Global Digital Sales Drive Music Growth

Expansion of services in developing nations spurs 9% gain in revenue for 2012

Global Digital Sales Drive Music Growth

Growing international digital sales and streaming are driving the music business to renewed health thanks in large part to fast-growing demand in developing markets, according to a report issued Tuesday by the Intl. Federation of the Phonographic Industry, the global music trade body.

Worldwide digital revenues climbed $500 million in 2012 to $5.6 billion, reflecting a 9% increase over the previous year. The digital side accounted for 34% of the total biz. Total global music revenues for 2012 reached $16.5 billion, up 0.3% from $16.2 billion in 2011.

“The new digital services developed and licensed over recent years are moving rapidly into new markets across the world,” IFPI chief exec Frances Moore said. “Record companies’ strategies of proactively licensing across different revenue channels are paying dividends, too.”

The market for digital retailing and streaming of music is developing quickly around the globe. IFPI noted that at the start of 2011, the major international services were present in 23 countries; two years later, they are present in more than 100 territories, including such nations as Kenya, Sri Lanka and Vietnam, which saw their first digital services open last year.

Download sales rose 12% in 2012, with 2.3 billion single tracks downloaded (up 8%) and 207 million digital albums sold (up 17%) worldwide. Paying subscribers to streaming services leaped 44%, with 20 million paying subscribers globally.

On the subscription front, the U.S. market still lagged somewhat behind other territories. Just 19% of American Internet users used a subscription service, while 28% paid to download music. In contrast, 48% of Web users in Sweden (birthplace of Spotify) employed a subscription service, while only 11% bought downloads.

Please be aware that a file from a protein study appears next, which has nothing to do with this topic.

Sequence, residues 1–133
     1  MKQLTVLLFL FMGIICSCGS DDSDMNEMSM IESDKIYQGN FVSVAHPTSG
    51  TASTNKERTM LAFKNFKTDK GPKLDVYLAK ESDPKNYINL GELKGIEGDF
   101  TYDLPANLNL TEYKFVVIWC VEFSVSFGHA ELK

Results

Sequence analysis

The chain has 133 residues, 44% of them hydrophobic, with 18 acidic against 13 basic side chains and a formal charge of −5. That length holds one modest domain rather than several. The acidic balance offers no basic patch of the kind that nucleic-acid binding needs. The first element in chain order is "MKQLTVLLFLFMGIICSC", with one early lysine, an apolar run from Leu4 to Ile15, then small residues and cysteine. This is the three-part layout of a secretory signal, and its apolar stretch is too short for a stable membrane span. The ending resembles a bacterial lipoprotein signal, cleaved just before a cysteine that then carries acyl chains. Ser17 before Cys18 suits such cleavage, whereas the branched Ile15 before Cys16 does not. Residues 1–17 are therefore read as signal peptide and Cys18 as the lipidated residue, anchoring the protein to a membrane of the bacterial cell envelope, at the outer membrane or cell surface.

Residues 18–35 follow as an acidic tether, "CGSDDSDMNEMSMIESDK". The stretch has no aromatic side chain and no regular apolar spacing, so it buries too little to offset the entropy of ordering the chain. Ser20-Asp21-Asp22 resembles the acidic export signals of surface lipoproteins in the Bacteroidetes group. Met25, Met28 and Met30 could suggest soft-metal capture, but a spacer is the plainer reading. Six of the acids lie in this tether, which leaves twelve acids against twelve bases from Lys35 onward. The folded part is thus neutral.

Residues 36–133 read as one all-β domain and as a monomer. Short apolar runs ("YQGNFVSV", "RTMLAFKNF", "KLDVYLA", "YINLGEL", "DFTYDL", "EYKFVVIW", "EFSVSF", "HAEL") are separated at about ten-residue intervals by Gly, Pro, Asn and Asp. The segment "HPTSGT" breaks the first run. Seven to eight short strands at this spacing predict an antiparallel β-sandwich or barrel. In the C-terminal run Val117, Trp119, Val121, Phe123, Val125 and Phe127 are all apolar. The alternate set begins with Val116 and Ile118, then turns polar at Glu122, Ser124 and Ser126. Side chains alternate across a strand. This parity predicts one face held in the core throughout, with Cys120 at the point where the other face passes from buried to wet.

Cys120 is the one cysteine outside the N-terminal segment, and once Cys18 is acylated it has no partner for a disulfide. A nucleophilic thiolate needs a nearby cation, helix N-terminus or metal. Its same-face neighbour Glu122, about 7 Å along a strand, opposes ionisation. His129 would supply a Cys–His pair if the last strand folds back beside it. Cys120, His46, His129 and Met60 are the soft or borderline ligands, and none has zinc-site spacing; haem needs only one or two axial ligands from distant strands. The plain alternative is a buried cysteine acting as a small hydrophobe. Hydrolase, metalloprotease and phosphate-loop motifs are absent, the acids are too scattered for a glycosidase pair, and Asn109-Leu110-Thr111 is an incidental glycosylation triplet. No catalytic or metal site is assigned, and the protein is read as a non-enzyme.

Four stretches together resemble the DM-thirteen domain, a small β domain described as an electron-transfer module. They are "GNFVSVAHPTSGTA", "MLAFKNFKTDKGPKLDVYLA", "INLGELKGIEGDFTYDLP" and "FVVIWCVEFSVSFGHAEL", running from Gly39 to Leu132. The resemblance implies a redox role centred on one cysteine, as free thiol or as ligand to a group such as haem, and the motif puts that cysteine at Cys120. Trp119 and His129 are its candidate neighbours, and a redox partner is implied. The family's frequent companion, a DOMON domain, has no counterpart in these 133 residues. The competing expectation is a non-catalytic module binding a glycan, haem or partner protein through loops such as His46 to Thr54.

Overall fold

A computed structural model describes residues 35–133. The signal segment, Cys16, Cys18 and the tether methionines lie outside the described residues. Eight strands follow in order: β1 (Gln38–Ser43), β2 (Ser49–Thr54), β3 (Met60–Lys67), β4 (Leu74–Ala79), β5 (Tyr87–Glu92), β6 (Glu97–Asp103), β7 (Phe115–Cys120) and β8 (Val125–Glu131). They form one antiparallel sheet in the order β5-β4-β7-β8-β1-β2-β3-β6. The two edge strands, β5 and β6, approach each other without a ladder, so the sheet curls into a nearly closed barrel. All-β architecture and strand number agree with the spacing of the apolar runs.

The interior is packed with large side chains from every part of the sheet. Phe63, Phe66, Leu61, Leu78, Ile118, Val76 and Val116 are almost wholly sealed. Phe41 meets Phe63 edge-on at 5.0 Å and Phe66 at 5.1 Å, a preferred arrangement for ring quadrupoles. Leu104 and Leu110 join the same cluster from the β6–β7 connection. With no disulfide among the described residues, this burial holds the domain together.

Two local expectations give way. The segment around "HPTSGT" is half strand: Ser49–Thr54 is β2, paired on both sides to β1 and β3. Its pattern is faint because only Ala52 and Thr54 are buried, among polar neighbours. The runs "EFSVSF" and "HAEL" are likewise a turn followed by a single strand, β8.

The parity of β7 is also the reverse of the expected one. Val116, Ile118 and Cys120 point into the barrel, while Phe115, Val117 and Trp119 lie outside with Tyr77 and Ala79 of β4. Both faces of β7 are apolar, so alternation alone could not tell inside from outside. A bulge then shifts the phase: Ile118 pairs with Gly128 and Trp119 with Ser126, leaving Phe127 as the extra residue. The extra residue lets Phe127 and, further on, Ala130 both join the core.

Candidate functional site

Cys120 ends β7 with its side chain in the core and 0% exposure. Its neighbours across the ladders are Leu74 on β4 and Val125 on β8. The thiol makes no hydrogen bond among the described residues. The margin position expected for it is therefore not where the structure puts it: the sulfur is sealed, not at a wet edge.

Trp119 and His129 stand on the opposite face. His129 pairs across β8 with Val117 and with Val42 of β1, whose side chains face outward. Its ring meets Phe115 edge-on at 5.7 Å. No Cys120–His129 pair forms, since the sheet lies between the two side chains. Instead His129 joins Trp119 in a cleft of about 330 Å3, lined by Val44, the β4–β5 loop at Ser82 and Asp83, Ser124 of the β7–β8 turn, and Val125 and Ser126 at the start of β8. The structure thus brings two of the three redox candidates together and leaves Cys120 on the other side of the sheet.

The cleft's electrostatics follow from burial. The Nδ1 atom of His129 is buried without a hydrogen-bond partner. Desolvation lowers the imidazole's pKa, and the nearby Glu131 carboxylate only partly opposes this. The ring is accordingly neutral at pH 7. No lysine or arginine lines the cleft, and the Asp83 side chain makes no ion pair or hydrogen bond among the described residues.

Awareness of some licensed services was high, with YouTube (90%) and iTunes (70%) leading the pack. At 56% and 31%, respectively, Spotify and France-based Deezer (still unavailable in the U.S.) enjoyed a lower profile.

The report noted that download stores received a lift from cloud-based features like Apple’s iCloud (used by 190 million people) and Amazon’s Cloud Player. Google and Microsoft launched their own cloud-based services last October.

IFPI called subscription services “the fastest growth area in digital music,” as the subscriber base gained 44% in 2013 and revenues rose 59% in the first half of the year. Spotify, the largest brand internationally, gained 2 million paying subscribers in 2012, reaching a total of 5 million.

Significantly, such growing international subscription players as Deezer and Scandinavia’s WiMP took full-page ads in the IFPI report.

The trade group also noted the burgeoning importance of online radio in the North American market, pointing to gains at Pandora (which now accounts for 8% of U.S. radio listening) and Slacker (with 23 million registered users).

Among bestselling albums, U.K. thrush Adele’s “21” led the field globally with sales of 8.3 million. She was succeeded in the top five by Taylor Swift’s “Red” (5.2 million), One Direction’s “Up All Night” (4.5 million) and “Take Me Home” (4.4 million) and Lana Del Rey’s “Born to Die” (3.4 million).

In a sidebar breakout, the report noted that boy band One Direction “(mobilized) an online army,” and that the group was responsible for 21 million daily digital interactions in 2012.

Carly Rae Jepsen’s “Call Me Maybe” led global digital singles sales with 12.5 million units, followed by Gotye’s “Somebody That I Used to Know” (11.8 million), PSY’s “Gangnam Style” (9.7 million), Fun’s “We Are Young” (9.6 million) and Maroon 5’s “Payphone” (9.1 million).